Canadian Plastics
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Family molding business does it their way

In an era of IPOs and franchise molding operations, Krauss Plastics Inc. is a throwback to the plastics industry's earlier days. A custom molder in the truest sense of the description, the family-owne...


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September 1, 2000 by Canadian Plastics

Frank Krauss, production manager at Krauss Plastics, says the company has recently picked up a contract to mold a high-volume automotive part. The company has purchased a new Kawaguchi injection press to run the part.
Frank Krauss, production manager at Krauss Plastics, says the company has recently picked up a contract to mold a high-volume automotive part. The company has purchased a new Kawaguchi injection press to run the part.

In an era of IPOs and franchise molding operations, Krauss Plastics Inc. is a throwback to the plastics industry’s earlier days. A custom molder in the truest sense of the description, the family-owned business functions by its own set of rules, doing what it has to do to survive and to keep things running on an even keel. Sometimes this means taking on business others turn down, and sometimes it requires turning down business others would be glad to get.

“We’re a different type of company,” says Frank Krauss, production manager. “Our philosophy is to leave a mold in the press, rather than changing molds three times a day. We’re not that concerned if a press sits idle for little while.”

Frank and his brother, Roland, do all the mold changes for the company’s 16 Kawaguchi presses, ranging from 80- to 500-tons, in the company’s clean 15,000 sq. ft. plant in Woodbridge, Ont. Krauss says he is not in favor of quick mold change systems because they reduce mold height and are costly.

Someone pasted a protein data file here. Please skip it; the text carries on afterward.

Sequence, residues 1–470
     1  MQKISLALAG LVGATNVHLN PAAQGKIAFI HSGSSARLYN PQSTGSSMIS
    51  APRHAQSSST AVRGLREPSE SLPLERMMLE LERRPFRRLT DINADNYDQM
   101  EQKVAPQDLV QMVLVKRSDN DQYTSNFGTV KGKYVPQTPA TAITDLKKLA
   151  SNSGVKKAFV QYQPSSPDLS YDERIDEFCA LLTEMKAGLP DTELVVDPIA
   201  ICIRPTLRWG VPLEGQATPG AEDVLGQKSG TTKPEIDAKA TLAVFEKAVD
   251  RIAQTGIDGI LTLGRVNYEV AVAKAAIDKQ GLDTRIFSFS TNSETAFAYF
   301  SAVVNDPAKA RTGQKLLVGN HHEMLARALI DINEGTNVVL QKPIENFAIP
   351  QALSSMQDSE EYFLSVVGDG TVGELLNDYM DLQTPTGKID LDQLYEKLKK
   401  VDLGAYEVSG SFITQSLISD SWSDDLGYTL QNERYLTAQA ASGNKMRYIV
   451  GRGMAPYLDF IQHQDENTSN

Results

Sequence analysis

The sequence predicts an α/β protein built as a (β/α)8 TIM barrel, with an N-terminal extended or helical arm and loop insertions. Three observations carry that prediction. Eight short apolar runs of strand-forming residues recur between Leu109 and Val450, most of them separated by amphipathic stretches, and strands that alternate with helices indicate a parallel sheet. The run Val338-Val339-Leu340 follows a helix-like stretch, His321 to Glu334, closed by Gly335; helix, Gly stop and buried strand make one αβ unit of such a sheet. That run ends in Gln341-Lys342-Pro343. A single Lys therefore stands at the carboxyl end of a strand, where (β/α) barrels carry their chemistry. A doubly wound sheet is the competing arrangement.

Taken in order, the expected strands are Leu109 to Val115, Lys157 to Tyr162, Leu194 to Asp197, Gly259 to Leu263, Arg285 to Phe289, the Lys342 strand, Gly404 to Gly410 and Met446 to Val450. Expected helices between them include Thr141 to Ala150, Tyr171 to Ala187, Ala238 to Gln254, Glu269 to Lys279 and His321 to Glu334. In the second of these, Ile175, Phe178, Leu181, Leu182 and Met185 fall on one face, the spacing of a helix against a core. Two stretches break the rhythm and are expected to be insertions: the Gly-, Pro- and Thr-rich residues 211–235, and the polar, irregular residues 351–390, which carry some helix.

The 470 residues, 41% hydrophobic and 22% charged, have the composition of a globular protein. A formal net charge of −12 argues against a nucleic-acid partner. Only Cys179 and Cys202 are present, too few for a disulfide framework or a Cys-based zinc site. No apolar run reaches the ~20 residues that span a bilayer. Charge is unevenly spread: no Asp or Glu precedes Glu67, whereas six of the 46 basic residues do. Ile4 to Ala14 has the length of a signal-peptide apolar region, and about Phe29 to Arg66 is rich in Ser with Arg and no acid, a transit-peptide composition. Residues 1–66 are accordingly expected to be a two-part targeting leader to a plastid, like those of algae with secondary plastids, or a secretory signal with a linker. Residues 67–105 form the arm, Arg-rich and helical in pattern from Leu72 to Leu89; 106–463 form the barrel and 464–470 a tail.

While the company may not be overly concerned with maximizing operation efficiency, Krauss is always on the lookout for ways to cut costs. Most presses have conveyors for removal and boxing of parts. A rotating grating system separates parts from runners, which are fed into a small shredder and turned into regrind. When check rings on machine screws become worn, Krauss has replacement rings machined and heat-treated at a local machine shop, rather than buy original equipment replacement parts at a substantial mark-up. Currently the company uses 60 to 80 percent regrind resin, most of which it buys directly from other large molders in the area.

The company has recently purchased a new 140-ton Kawaguchi, which it expects to have running by the end of the month. The new machine will be used to make a high-volume automotive part that was being molded in the U.S. Krauss says the two-cavity mold being used to mold the main component of the assembly will see at least 2500 hours of operation.

Another new job for the company is a nylon gas cap previously molded by a large Tier 1. Krauss says large automotive suppliers are seeking to outsource more molding in order to concentrate on systems design and manufacturing. Kraus Plastics also molds a variety of parts for the construction, consumer and recreation markets, including one of its original proprietary parts, a hockey stick blade.

Krauss reports that business at the company his father Hans founded 35 years ago is as good as it has ever been, but changed. “There’s a lot more bureaucracy involved in getting work these days. Having the best price doesn’t mean you’ll get the job.”


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